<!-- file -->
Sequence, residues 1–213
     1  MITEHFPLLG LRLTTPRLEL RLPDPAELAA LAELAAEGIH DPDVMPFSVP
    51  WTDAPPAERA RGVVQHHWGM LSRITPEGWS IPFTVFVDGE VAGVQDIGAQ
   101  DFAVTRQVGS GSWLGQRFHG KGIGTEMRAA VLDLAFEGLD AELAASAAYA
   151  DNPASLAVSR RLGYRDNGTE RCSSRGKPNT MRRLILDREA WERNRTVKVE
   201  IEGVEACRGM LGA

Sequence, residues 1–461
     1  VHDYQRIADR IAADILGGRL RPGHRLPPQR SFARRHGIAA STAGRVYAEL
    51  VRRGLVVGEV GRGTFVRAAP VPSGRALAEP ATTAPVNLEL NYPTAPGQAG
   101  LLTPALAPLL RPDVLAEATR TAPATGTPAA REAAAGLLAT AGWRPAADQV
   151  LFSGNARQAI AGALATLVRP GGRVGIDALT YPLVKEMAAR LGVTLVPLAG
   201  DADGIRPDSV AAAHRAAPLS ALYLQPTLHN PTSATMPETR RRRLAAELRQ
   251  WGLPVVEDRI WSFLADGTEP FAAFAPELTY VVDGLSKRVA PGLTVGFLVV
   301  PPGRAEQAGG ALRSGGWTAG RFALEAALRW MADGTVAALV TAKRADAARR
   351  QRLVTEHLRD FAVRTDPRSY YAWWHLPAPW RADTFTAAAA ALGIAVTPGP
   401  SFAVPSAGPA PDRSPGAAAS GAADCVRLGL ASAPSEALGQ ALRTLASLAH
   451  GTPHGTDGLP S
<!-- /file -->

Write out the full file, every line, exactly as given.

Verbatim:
Sequence, residues 1–213
     1  MITEHFPLLG LRLTTPRLEL RLPDPAELAA LAELAAEGIH DPDVMPFSVP
    51  WTDAPPAERA RGVVQHHWGM LSRITPEGWS IPFTVFVDGE VAGVQDIGAQ
   101  DFAVTRQVGS GSWLGQRFHG KGIGTEMRAA VLDLAFEGLD AELAASAAYA
   151  DNPASLAVSR RLGYRDNGTE RCSSRGKPNT MRRLILDREA WERNRTVKVE
   201  IEGVEACRGM LGA

Sequence, residues 1–461
     1  VHDYQRIADR IAADILGGRL RPGHRLPPQR SFARRHGIAA STAGRVYAEL
    51  VRRGLVVGEV GRGTFVRAAP VPSGRALAEP ATTAPVNLEL NYPTAPGQAG
   101  LLTPALAPLL RPDVLAEATR TAPATGTPAA REAAAGLLAT AGWRPAADQV
   151  LFSGNARQAI AGALATLVRP GGRVGIDALT YPLVKEMAAR LGVTLVPLAG
   201  DADGIRPDSV AAAHRAAPLS ALYLQPTLHN PTSATMPETR RRRLAAELRQ
   251  WGLPVVEDRI WSFLADGTEP FAAFAPELTY VVDGLSKRVA PGLTVGFLVV
   301  PPGRAEQAGG ALRSGGWTAG RFALEAALRW MADGTVAALV TAKRADAARR
   351  QRLVTEHLRD FAVRTDPRSY YAWWHLPAPW RADTFTAAAA ALGIAVTPGP
   401  SFAVPSAGPA PDRSPGAAAS GAADCVRLGL ASAPSEALGQ ALRTLASLAH
   451  GTPHGTDGLP S